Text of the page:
Humpback Turretfish

(Tetrosomus gibbosus)
Tetrosomus gibbosus, commonly known as the Humpback turretfish or the Helmet cowfish, is a species of boxfish belonging to the family Ostraciidae. Here are some key characteristics and information about Tetrosomus gibbosus:
  1. Physical Appearance: The Humpback turretfish has a boxy, angular body covered with rigid, hexagonal plates fused together to form a protective carapace. It has a prominent hump or ridge along its back, giving it a distinctive appearance. The coloration is typically yellowish to orange with dark spots or mottling, although it can vary depending on its environment and mood. The fins are small and paddle-like, aiding in its slow and deliberate movement.
  2. Size: They typically grow to a maximum length of about 15-20 centimeters (6-8 inches), although sizes can vary.
  3. Distribution: Tetrosomus gibbosus is found in the tropical and subtropical waters of the Indo-Pacific region. Its range includes the Red Sea and the eastern coast of Africa to the western Pacific Ocean, including regions such as Indonesia, Philippines, Australia, and the islands of the western Indian Ocean.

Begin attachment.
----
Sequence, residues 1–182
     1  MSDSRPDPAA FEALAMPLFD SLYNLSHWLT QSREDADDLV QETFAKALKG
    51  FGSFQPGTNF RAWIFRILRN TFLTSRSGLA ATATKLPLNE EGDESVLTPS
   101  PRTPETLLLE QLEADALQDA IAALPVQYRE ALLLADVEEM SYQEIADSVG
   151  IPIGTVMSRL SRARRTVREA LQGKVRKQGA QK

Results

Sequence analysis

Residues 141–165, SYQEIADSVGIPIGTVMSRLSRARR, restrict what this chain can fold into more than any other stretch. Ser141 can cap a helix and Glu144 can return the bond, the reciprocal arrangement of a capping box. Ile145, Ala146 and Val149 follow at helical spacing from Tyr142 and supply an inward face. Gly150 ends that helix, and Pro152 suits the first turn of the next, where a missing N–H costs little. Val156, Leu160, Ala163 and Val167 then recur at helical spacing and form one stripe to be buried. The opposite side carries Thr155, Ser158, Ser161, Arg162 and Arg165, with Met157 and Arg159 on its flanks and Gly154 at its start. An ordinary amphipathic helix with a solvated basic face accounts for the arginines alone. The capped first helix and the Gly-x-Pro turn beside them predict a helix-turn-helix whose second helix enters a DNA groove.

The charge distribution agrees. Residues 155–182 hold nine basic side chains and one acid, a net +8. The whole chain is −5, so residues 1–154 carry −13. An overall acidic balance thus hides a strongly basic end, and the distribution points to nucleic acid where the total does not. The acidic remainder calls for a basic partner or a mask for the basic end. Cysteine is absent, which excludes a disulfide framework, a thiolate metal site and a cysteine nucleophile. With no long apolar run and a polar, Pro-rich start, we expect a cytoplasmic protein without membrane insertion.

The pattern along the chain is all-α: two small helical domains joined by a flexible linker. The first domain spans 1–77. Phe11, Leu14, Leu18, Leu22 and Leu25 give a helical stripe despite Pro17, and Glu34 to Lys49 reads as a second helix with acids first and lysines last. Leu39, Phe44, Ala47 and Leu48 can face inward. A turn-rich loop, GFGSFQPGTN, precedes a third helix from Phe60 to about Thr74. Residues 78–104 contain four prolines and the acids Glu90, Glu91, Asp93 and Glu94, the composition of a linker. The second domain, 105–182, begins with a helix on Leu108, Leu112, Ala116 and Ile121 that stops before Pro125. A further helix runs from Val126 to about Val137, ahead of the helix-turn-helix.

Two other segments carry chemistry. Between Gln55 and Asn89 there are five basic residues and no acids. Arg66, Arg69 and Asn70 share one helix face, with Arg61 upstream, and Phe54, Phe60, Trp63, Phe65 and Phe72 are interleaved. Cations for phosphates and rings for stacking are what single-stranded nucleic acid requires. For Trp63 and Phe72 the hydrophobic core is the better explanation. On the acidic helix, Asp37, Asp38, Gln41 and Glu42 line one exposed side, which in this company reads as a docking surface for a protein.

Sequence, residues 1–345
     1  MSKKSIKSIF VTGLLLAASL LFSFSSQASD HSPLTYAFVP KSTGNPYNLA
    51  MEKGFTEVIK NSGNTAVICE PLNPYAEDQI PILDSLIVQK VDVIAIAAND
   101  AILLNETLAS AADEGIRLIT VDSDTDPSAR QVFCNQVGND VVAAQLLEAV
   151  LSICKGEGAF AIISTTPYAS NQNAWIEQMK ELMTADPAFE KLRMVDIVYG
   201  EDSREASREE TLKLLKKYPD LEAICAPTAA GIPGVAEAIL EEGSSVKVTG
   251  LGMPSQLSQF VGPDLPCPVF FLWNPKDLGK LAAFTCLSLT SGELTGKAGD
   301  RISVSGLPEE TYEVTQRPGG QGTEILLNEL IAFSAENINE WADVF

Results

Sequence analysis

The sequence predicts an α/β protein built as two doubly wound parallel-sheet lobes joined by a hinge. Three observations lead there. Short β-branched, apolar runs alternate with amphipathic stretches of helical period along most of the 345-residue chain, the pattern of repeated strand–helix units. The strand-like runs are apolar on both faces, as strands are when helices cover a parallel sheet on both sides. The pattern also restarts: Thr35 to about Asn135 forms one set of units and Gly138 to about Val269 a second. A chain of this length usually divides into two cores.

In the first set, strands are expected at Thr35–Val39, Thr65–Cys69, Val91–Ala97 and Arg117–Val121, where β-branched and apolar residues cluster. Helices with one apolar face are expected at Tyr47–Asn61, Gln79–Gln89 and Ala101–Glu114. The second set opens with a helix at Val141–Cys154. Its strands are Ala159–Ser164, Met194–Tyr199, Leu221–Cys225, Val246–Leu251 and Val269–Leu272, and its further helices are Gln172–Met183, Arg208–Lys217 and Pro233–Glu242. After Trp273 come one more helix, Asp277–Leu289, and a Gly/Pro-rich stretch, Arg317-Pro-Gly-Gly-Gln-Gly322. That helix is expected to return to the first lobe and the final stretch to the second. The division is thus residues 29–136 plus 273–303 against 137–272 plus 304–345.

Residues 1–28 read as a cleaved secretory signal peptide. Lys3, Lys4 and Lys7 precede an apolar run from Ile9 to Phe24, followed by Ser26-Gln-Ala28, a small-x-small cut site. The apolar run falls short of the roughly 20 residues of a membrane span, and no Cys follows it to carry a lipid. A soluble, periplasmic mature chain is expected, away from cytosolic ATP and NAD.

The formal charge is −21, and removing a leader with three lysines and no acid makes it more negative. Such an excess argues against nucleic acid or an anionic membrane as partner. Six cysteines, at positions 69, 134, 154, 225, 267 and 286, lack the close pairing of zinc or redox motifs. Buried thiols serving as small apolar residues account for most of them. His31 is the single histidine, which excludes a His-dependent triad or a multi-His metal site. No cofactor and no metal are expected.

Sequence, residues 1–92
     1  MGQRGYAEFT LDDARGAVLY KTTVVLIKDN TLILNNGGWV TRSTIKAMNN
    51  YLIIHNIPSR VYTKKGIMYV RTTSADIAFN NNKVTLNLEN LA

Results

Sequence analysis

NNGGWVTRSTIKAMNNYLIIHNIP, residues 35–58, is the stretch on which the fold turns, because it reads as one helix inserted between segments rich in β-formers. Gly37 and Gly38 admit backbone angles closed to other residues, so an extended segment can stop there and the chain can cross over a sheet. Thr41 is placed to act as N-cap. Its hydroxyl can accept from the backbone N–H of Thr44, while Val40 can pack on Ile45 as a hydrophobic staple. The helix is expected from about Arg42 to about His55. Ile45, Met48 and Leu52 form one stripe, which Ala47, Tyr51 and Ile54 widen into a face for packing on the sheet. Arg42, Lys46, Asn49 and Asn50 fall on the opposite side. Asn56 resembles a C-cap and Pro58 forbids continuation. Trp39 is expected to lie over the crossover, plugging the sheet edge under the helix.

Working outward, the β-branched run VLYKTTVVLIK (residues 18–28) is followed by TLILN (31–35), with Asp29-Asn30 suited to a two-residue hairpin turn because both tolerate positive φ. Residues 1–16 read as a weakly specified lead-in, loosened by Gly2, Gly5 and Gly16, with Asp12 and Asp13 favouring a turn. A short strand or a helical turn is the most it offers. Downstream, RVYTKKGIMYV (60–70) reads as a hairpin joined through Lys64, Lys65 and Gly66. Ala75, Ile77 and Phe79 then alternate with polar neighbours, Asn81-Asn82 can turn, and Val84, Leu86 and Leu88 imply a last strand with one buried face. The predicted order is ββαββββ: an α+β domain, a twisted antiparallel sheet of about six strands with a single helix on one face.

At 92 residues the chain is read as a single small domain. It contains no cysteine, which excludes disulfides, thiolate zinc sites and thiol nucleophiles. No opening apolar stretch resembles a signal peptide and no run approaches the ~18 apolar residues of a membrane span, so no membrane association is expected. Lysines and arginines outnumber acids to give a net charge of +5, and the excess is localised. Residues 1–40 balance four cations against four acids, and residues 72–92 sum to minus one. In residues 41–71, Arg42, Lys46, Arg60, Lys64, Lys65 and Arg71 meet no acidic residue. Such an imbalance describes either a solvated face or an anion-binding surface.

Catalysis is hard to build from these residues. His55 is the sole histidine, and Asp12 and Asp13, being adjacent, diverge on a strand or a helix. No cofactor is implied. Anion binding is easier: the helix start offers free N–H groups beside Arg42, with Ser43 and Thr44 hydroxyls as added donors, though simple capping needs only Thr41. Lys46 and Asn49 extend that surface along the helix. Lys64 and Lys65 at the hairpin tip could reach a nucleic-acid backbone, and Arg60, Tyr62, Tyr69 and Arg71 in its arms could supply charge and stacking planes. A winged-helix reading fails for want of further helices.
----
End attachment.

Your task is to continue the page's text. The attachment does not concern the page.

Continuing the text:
4. Habitat: Humpback turretfish inhabit coral reefs, rocky areas, and seagrass beds with rich coral growth. They are often found in shallow to moderate depths, typically up to 30 meters (100 feet) deep. They prefer areas with ample hiding places among coral heads, rocks, and crevices, where they can retreat when threatened.
  5. Behavior: These boxfish are slow-moving and peaceful, grazing on algae, small invertebrates, and occasionally small crustaceans. They are not aggressive towards other fish but can be territorial towards conspecifics or similar-shaped species.
  6. Defense Mechanism: Like other boxfish, Tetrosomus gibbosus has a remarkable defense mechanism where it secretes a potent toxin, known as pahutoxin, from its skin when stressed or threatened. This toxin acts as a deterrent against predators and can be harmful to other fish and organisms in close proximity.